Before I begin, I would just like to say that there needs to be much more research done on my theory. With that said, I would like to talk about how my family, meaning my wife and step daughter, caught Covid-19 but I did not for some reason – and that the weird way of fending off Covid that I experienced is that last thing one might think. I have a syndrome called 22q11.2 deletion, also known as Velo Cardio Facial Syndrome (VCFS). Two of the side effects of this syndrome for me are that my right nostril is more narrow than my left and that I was born with a partial pharyngeal flap (which is in your throat). It took four surgeries when I was sixteen years old for the doctors to fix it. Because of this, the holes that I have in the back of my throat are smaller, meaning things like airborne germs may have more of a difficult time penetrating my system when I breathe. The same goes for my nose. The side effects of this syndrome that I have act as a mask in a way.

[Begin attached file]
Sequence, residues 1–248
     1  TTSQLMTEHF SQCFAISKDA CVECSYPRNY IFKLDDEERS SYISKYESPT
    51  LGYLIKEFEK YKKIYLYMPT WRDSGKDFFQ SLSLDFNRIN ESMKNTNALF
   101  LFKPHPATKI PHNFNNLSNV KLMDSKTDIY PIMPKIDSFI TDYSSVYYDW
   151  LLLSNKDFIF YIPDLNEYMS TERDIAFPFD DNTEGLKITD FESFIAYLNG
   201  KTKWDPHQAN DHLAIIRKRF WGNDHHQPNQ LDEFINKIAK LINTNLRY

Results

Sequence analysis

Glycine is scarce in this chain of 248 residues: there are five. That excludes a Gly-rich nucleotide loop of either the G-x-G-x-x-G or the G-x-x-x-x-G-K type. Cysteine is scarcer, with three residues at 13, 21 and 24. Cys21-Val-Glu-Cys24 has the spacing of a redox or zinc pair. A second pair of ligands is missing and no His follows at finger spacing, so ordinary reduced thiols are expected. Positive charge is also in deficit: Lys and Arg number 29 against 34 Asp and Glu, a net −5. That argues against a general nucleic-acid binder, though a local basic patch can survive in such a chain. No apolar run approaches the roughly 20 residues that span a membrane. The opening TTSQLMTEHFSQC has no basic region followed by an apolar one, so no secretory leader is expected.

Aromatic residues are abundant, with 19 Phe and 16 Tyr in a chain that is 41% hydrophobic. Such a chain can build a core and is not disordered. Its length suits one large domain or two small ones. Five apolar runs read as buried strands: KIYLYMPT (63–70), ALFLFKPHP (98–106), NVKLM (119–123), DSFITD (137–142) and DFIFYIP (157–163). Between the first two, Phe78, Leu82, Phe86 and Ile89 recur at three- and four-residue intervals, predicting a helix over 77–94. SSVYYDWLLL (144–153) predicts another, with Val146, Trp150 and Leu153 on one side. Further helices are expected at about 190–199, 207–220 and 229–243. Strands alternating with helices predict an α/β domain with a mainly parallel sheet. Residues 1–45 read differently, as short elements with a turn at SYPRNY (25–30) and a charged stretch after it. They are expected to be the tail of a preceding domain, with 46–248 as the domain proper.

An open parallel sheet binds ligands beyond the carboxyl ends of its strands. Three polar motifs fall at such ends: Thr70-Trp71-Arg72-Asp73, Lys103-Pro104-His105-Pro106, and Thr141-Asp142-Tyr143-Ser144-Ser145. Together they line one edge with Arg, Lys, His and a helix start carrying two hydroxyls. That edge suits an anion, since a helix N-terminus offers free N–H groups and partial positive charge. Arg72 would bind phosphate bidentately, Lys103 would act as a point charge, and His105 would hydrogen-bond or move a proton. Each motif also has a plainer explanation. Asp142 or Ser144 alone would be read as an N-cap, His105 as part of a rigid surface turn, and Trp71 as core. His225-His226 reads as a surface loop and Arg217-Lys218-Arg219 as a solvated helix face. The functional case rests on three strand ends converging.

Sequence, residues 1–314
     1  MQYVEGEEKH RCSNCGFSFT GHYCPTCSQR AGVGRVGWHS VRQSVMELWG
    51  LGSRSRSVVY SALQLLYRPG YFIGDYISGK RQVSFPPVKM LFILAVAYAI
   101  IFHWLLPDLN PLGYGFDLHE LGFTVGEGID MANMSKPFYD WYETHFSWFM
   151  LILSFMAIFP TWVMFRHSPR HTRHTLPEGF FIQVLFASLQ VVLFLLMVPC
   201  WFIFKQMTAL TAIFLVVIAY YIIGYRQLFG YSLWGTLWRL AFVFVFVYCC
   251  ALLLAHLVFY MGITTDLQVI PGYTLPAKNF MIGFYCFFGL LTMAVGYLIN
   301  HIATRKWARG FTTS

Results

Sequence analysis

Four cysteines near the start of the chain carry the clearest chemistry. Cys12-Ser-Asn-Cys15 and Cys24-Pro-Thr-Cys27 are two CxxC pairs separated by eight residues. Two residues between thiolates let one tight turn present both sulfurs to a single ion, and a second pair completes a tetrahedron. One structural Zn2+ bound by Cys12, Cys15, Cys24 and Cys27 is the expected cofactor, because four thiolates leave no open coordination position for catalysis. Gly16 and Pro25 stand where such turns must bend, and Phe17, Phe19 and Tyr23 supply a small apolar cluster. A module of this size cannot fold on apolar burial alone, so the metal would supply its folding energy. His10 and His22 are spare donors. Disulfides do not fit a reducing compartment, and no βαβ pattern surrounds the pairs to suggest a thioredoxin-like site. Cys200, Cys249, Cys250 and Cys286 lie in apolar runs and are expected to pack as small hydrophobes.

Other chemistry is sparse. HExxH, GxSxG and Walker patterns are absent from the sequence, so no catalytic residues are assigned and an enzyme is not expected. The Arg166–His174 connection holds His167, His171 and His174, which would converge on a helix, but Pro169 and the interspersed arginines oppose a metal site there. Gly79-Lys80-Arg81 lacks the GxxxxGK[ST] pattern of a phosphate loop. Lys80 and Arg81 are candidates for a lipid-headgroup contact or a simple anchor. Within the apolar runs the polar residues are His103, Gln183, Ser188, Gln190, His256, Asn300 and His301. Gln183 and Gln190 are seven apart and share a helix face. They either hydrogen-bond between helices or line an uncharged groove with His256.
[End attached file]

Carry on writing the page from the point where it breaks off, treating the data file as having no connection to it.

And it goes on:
For those who don’t have VCFS (thankfully for you), I have another plan: sneeze more. When I get into the shower, I make myself sneeze four times in a row. I’ve always thought that sneezing actually helps get bacteria out of your body. It turns out that I’m right. According to Dr. Neil Kao, an allergy and asthma specialist at the Allergic Disease and Asthma Center in Greenville, SC: “Sneezing helps keep your body safe. Sneezing is an important part of the immune process, helping keep us healthy and sniffle-free. Sneezes protect your body by clearing the nose of bacteria and viruses. When something enters your nose or you encounter a trigger that sets off your ‘sneeze center’ in your brain, located in the lower brain stem, signals are rapidly sent to tightly close your throat, eyes, and mouth. Next, your chest muscles vigorously contract, and then your throat muscles quickly relax. As result, air – along with saliva and mucus – is forced out of your mouth and nose. Voila, you’ve sneezed.
So, in conclusion, maybe we should all sneeze a little bit more to help ward off Covid-19 – into a tissue, of course.